Sections

Weather Forecast

Close
Advertisement

SD vets’ food benefits decrease

Email Sign up for Breaking News Alerts
news Mitchell, 57301
The Daily Republic
(605) 996-5020 customer support
Mitchell South Dakota 120 South Lawler 57301

By Northern Plains News Service

More than 4,000 South Dakota veterans could see their Supplemental Nutrition Assistance Program food benefits reduced Nov. 1 when the temporary increase in SNAP benefits runs out.

Advertisement
Advertisement
0 Talk about it

The Center on Budget and Policy Priorities did a state-by-state analysis of veterans living in SNAP households and released its report Monday.

According to the group’s study of past and current U.S. Census Bureau data, during any month, nearly a million veterans live in a household that relies on SNAP benefits to provide food for their families. Two states alone — Florida and Texas — each have more than 100,000 veterans who live in such households.

In the region, the group estimates South Dakota has 4,300 veterans living in SNAP households; North Dakota, 2,200; Iowa, 16,500; Minnesota, 14,700; Montana, 5,700; Nebraska 7,600; and Wyoming, 2,700.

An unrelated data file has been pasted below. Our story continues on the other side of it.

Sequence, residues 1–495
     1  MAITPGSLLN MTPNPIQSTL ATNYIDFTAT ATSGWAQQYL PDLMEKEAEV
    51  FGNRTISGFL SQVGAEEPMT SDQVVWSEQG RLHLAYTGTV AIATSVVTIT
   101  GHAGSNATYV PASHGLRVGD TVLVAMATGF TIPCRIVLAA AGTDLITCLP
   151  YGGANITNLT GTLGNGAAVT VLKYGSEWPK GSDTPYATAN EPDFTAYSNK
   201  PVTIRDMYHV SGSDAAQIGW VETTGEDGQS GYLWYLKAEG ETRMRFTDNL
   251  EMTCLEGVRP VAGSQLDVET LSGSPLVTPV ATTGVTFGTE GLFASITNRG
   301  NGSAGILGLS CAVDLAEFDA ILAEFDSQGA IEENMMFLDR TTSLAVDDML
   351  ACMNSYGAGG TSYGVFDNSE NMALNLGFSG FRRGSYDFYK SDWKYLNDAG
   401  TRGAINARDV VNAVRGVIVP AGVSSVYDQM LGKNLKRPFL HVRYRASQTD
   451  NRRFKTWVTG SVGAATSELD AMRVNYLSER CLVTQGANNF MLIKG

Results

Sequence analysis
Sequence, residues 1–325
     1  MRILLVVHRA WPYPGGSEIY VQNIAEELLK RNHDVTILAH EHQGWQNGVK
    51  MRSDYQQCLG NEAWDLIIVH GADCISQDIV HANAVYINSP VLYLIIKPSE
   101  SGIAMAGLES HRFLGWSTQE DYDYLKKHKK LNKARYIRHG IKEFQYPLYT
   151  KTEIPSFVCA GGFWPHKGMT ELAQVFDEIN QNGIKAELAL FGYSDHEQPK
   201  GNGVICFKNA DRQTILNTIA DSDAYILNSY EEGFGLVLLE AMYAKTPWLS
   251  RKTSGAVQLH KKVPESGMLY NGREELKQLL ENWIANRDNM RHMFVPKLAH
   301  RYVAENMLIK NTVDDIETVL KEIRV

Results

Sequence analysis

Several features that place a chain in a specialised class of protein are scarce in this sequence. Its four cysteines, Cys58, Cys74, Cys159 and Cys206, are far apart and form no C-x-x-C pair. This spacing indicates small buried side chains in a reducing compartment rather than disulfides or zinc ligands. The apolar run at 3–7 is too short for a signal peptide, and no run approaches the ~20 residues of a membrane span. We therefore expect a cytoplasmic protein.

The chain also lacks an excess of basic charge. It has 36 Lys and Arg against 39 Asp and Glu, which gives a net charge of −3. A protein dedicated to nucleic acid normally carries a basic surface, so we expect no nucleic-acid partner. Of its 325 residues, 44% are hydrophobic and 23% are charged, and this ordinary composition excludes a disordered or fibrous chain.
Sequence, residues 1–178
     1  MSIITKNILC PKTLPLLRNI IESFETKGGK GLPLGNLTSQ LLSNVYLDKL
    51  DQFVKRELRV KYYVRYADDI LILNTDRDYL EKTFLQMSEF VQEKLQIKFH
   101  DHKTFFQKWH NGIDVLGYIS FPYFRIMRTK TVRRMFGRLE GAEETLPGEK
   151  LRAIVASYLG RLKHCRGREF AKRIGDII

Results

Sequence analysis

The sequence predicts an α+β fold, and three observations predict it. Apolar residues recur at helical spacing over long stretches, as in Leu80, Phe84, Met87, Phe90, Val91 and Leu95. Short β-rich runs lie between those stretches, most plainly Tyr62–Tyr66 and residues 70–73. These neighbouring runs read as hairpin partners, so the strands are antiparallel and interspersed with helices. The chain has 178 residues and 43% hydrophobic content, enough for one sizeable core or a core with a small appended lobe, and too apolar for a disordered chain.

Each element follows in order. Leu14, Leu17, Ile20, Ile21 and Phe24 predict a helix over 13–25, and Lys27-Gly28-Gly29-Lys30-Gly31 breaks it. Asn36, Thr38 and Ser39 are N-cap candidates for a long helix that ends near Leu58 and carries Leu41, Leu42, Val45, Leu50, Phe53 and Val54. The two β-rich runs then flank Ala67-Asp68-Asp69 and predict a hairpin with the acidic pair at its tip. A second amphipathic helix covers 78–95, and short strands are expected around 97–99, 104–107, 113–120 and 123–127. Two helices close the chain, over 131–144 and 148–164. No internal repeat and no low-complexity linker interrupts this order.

“For low-income veterans, who may be unemployed, working in low-wage jobs, or disabled, SNAP provides an essential support that enables them to purchase nutritious food for their families,” according to the CBPP. “Many veterans returning from service face challenges finding work.”

The report notes that while the overall unemployment rate for veterans is lower than the national average, the rate is higher for recent veterans at 10.1 percent in September. Further, according to the report, 25 percent of recent veterans reported service-connected disabilities that can impact their ability to provide for their families.

The veterans in SNAP households tend to be younger, but their ages vary widely, according to the report. Nearly 60 percent of veterans were younger than 30, while nearly 10 percent were 60 or older.

The SNAP program is part of the farm bill, a new version of which Congress is considering. According to the CBPP, the current House version of the bill would cut SNAP by nearly $40 billion over the next 10 years, denying benefits to nearly 4 million people in 2014 and an average of 3 million people each year over the next decade.

SNAP benefits are to decrease 7 percent on average or about $10 per person per month today, according to the group. The CBPP estimates the current average SNAP benefit is less than $1.40 per person per meal.

Advertisement
Daily Republic News
(605) 996-5516
Advertisement
Advertisement